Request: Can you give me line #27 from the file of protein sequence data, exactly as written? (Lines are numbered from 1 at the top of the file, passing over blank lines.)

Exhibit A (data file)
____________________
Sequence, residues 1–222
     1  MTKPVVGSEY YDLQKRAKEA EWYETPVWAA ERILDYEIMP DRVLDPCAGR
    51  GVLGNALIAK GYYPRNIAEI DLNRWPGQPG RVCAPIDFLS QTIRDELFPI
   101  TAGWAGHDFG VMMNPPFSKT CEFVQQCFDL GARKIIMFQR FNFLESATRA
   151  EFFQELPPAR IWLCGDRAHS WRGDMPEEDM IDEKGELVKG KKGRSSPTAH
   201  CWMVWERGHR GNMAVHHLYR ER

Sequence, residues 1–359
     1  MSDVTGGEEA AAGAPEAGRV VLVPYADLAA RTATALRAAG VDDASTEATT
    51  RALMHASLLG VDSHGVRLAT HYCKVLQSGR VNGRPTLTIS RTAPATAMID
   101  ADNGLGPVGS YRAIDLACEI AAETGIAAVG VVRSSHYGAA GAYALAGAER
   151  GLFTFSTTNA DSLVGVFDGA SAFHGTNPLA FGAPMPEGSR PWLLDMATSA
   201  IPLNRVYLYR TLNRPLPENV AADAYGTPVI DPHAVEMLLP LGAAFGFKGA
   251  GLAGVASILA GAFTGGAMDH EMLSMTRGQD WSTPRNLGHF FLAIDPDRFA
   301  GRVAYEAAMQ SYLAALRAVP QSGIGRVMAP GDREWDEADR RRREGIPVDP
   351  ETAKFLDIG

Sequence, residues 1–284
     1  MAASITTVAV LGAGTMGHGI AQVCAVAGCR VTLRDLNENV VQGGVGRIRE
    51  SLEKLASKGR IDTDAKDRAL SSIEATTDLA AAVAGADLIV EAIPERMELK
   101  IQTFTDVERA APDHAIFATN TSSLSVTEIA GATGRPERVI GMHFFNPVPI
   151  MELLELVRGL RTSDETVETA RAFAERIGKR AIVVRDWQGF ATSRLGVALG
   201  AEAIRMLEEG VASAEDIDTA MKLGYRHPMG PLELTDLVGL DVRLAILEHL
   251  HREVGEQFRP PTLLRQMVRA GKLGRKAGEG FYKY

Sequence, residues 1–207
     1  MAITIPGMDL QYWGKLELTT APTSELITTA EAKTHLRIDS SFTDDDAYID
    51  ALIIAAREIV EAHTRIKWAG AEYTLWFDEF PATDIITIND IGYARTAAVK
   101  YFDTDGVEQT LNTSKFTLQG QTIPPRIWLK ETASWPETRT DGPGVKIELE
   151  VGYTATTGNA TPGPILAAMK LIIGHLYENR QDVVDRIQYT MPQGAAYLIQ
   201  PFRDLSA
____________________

   151  VGYTATTGNA TPGPILAAMK LIIGHLYENR QDVVDRIQYT MPQGAAYLIQ